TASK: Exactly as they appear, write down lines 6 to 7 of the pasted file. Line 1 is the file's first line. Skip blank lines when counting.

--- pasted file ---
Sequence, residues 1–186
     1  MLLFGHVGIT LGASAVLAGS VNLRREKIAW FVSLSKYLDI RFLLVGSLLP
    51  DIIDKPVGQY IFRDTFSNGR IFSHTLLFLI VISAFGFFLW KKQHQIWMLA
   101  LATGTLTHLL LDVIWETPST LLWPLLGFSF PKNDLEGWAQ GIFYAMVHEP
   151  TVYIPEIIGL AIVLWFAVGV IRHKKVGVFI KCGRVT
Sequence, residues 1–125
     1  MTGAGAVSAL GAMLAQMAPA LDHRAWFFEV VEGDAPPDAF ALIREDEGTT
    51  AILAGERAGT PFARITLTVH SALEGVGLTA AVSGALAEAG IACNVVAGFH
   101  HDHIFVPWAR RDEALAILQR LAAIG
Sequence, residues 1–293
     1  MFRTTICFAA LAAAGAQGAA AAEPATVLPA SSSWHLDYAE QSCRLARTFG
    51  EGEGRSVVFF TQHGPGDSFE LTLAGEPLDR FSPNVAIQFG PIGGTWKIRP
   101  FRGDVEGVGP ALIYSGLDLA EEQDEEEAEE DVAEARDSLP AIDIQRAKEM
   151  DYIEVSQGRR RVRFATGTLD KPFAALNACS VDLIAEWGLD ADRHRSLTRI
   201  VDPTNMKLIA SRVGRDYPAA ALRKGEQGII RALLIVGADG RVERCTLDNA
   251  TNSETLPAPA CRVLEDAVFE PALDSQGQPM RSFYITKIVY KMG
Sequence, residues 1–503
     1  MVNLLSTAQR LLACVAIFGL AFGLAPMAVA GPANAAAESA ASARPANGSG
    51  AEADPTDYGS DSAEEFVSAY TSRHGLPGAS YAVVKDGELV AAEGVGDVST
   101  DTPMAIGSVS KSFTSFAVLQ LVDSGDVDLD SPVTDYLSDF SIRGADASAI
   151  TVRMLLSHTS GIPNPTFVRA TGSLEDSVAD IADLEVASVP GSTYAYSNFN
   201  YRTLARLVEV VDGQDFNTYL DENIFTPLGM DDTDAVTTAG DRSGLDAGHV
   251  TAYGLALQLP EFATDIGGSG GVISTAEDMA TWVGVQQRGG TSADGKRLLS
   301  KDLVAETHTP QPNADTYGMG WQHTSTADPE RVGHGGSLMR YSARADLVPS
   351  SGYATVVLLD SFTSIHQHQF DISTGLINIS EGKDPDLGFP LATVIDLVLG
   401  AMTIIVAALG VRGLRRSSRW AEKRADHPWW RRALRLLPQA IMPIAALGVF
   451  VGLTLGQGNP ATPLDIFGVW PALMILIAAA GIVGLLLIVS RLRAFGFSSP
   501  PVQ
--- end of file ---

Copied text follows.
Sequence, residues 1–125
     1  MTGAGAVSAL GAMLAQMAPA LDHRAWFFEV VEGDAPPDAF ALIREDEGTT